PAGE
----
Proponents, Opponents Debate Community Bill Of Rights

By Steve Jackson

Backers of a community bill of rights are hoping the third time is a charm as the issue comes before Spokane voters this fall.
 
This will be the third attempt to pass a community bill of rights in Spokane. Two years ago, the measure failed by less than a thousand votes.
 
Sponsors say they believe the four simple sections of the bill of rights clearly resonate with Spokane voters.
 
Among those provisions: allowing neighborhoods to decide the fate of any planned development, either commercial or residential, rather than city planners or the city council.
 
Bill proponent Kai Huschke of “Envision Spokane” says the concept is to give power back to the citizens.
 
Huschke: “This comes out of years and years of residents seeing unwanted or not the right type of development coming in to play, and having no recourse, but really no decision making power”
 
Spokane businessman and Greater Spokane Incorporated Board member Michael Senske feels the current system of zoning and approving development is perfectly adequate. Senske says he fears the new proposal would be bad for business and the economy:
 
Senske: “The city of Spokane raises tax dollars to fund various services. If this were to go through, corporations that were building say a big box stores, may choose to locate outside city limits or jurisdiction where they wouldn’t be paying taxes to the city of Spokane, yet serving our population, and from my perspective that would be a great loss for the city of Spokane.”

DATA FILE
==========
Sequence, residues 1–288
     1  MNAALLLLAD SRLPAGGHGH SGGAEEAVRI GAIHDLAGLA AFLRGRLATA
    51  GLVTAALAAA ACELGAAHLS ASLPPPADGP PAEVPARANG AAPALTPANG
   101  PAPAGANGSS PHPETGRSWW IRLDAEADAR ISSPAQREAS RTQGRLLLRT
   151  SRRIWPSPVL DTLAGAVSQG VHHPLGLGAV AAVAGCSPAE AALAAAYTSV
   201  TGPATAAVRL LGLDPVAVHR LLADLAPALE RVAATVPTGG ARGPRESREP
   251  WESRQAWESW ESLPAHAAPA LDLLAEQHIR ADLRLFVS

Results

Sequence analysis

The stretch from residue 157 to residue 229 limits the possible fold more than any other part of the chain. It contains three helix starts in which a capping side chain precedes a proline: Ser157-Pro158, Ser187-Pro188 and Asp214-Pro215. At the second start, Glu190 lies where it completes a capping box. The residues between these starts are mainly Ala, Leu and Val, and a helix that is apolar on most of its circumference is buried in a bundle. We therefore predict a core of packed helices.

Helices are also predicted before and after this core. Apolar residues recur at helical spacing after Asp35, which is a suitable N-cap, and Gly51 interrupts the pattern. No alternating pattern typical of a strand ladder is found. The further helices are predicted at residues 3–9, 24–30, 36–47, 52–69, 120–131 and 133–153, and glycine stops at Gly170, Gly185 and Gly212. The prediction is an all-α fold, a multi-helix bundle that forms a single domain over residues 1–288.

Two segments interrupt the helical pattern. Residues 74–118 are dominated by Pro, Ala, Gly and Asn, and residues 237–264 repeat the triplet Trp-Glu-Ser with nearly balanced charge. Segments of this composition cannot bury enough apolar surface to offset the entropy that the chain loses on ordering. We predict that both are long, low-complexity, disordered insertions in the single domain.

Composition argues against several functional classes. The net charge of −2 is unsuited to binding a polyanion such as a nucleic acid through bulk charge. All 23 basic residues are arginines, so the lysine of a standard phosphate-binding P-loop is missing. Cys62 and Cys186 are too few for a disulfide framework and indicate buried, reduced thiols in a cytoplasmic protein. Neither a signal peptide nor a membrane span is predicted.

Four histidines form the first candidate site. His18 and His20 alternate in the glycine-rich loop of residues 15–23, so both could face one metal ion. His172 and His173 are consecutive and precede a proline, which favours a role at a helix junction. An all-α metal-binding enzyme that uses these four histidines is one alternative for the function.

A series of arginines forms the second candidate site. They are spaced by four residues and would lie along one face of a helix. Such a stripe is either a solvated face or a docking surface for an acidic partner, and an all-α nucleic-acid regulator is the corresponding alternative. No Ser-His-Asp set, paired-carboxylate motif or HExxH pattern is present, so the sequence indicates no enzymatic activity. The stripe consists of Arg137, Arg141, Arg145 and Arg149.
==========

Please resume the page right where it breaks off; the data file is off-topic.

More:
Huschke does not believe the measure would make all neighborhoods completely anti-development:
 
Huschke: “If it doesn’t fly, what you may hear is the neighborhood saying we don’t want this particular development, or what the developer may hear is ‘go back to the drawing table,’ or better yet, if you are looking at doing something that better matches what a neighborhood wants”
 
Senske feels there is another flaw in the plan to allow neighborhoods to decide the future of development, that being, who is allowed to vote.
 
Senske: “That it is really registered voters who have voted in the last election, that are able to participate in that process. So when we talk of a majority, it could in fact be a minority of the people that live in a given neighborhood that end up mixing a proposed development”
 
Spokane Public Radio will present several more reports on the various facets of the community bill of rights before the election.
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